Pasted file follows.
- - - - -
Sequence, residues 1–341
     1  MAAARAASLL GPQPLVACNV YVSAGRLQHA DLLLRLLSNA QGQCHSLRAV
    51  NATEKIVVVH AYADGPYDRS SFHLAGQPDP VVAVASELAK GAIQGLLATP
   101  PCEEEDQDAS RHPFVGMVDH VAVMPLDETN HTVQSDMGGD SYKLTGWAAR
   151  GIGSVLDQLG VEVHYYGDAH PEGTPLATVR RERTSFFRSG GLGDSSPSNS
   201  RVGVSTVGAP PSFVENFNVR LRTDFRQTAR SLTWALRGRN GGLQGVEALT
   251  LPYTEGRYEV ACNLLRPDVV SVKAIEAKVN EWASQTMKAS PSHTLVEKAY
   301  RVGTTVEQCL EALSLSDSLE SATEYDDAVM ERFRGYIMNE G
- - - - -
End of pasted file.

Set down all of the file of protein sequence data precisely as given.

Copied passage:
Sequence, residues 1–341
     1  MAAARAASLL GPQPLVACNV YVSAGRLQHA DLLLRLLSNA QGQCHSLRAV
    51  NATEKIVVVH AYADGPYDRS SFHLAGQPDP VVAVASELAK GAIQGLLATP
   101  PCEEEDQDAS RHPFVGMVDH VAVMPLDETN HTVQSDMGGD SYKLTGWAAR
   151  GIGSVLDQLG VEVHYYGDAH PEGTPLATVR RERTSFFRSG GLGDSSPSNS
   201  RVGVSTVGAP PSFVENFNVR LRTDFRQTAR SLTWALRGRN GGLQGVEALT
   251  LPYTEGRYEV ACNLLRPDVV SVKAIEAKVN EWASQTMKAS PSHTLVEKAY
   301  RVGTTVEQCL EALSLSDSLE SATEYDDAVM ERFRGYIMNE G